Countryfile presenter Julia Bradbury is known for her love of the great outdoors, but now she’s on a mission to tackle the UK’s biggest preventable illnesses, as Keeley Bolger discovers
There’s an easy way of working out whether Countryfile presenter Julia Bradbury considers you a good friend. Simply note what she feeds you.
“I love Jerusalem artichoke soup because it’s so delicious and healthy, but I can only eat it among close friends and family,” says Bradbury, who explains artichokes have gas-inducing properties.
And with one of her trademark throaty laughs she adds: “If I could find a way of harnessing that wind power in my house then I’d be chuffed!”
It’s this kind of friendly banter that has made her such a hit with viewers. And the BBC has capitalised on Bradbury’s appeal by asking her to champion its new two-part programme, Long Live Britain.
In it, the keen rambler and her co-presenters, cheeky ex-cricketer Phil Tufnell and TV doctor Phil Hammond, will encourage people to make small changes to their lifestyles in a bid to tackle three of our biggest preventable diseases - Type 2 diabetes, cardiovascular disease and liver disease.
“Long Live Britain is a call to arms to raise awareness of these three preventable illnesses,” says Bradbury, who grew up in the Peak District and Sheffield. “In some cases, if the disease is diagnosed and caught in time, they can be curable.”
Bradbury and the two Phils went to Manchester City’s Etihad Stadium to carry out a huge public screening exercise for the diseases. To encourage people to take part, West End star Jodie Prenger, EastEnders actor Ricky Grover and Benidorm actress Crissy Rock were tested.
“You can potentially live with these diseases and not know,” says Bradbury, “which is why this was such a great opportunity for people to have a free screening. Hopefully doing so will open up the subject for debate.”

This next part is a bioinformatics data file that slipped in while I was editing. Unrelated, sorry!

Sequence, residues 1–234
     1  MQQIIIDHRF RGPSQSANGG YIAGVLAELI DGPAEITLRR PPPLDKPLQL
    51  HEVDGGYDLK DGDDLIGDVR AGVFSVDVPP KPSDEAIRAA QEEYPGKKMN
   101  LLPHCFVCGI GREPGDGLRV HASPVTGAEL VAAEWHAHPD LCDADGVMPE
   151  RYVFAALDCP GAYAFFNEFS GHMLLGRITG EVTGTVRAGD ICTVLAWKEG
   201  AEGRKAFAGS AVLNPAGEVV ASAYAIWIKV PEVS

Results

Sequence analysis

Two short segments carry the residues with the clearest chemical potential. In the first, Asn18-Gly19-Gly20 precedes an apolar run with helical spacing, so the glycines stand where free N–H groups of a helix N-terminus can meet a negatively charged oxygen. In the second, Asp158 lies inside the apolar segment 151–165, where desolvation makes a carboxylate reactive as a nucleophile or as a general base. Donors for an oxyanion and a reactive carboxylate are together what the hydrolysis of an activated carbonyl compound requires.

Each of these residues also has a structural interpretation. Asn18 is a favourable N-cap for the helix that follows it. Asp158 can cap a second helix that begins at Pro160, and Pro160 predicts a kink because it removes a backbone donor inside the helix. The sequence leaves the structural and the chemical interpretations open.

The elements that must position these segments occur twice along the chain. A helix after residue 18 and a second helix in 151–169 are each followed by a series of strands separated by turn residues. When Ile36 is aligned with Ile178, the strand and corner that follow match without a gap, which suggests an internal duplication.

Though Bradbury is in fine fettle, she’s always keen to learn new ways to keep herself super-healthy.
“I was desperate to get tested,” she says. “I wanted the full works but we had such a busy weekend that we didn’t have time. If I had the opportunity I definitely would have gone for the liver scan.
“I think we’ve all had those years when you’re young and you’re knocking back the booze and you think, ‘Oh it’ll be fine’, and then in later life, you think, ‘I wonder what my liver is like?’”
Bradbury, who turns 43 on July 24, has always maintained a healthy lifestyle and often heads to the Peak District for rambles with her dad.
“I’m obsessed with health,” says the star, who started her TV career as GMTV’s Los Angeles correspondent. “My mum is Welsh-Greek and she’s always been health-conscious and fed us well as children.”
“Everyone tells you the first few years of your child’s life are so important and now I have a little boy I’m very careful with what I feed him.
“I think people will be surprised at how easy it is to slip up and make mistakes in your life that have an impact,” she says.
“It’s as simple as, ‘Have I done some exercise?’ ‘Am I going to have chips or vegetables today?’ It sounds like it’s not a big deal but it’s a huge deal.
“Adding 10 years to your life because you took care of your diet and health is worthwhile.”
l Long Live Britain starts on BBC One on Monday, July 22.